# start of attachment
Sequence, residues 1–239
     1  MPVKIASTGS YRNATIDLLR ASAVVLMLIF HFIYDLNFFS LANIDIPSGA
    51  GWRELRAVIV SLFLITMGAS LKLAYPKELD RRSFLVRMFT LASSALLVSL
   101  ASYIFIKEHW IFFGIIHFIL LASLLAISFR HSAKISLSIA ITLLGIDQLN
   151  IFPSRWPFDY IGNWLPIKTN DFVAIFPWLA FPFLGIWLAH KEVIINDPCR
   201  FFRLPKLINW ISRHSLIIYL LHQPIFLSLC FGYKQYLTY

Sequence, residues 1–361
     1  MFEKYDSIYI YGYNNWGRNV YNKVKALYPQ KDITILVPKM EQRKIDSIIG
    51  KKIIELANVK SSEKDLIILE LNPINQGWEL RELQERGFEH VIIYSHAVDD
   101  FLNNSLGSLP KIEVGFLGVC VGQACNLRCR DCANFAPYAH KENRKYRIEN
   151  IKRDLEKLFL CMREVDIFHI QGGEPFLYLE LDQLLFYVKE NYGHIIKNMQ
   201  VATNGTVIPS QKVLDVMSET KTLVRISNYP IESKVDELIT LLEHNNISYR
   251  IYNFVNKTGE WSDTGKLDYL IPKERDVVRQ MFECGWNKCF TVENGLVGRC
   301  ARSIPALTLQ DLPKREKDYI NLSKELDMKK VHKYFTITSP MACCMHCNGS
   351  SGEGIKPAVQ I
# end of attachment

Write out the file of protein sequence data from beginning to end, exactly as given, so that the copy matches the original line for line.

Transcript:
Sequence, residues 1–239
     1  MPVKIASTGS YRNATIDLLR ASAVVLMLIF HFIYDLNFFS LANIDIPSGA
    51  GWRELRAVIV SLFLITMGAS LKLAYPKELD RRSFLVRMFT LASSALLVSL
   101  ASYIFIKEHW IFFGIIHFIL LASLLAISFR HSAKISLSIA ITLLGIDQLN
   151  IFPSRWPFDY IGNWLPIKTN DFVAIFPWLA FPFLGIWLAH KEVIINDPCR
   201  FFRLPKLINW ISRHSLIIYL LHQPIFLSLC FGYKQYLTY

Sequence, residues 1–361
     1  MFEKYDSIYI YGYNNWGRNV YNKVKALYPQ KDITILVPKM EQRKIDSIIG
    51  KKIIELANVK SSEKDLIILE LNPINQGWEL RELQERGFEH VIIYSHAVDD
   101  FLNNSLGSLP KIEVGFLGVC VGQACNLRCR DCANFAPYAH KENRKYRIEN
   151  IKRDLEKLFL CMREVDIFHI QGGEPFLYLE LDQLLFYVKE NYGHIIKNMQ
   201  VATNGTVIPS QKVLDVMSET KTLVRISNYP IESKVDELIT LLEHNNISYR
   251  IYNFVNKTGE WSDTGKLDYL IPKERDVVRQ MFECGWNKCF TVENGLVGRC
   301  ARSIPALTLQ DLPKREKDYI NLSKELDMKK VHKYFTITSP MACCMHCNGS
   351  SGEGIKPAVQ I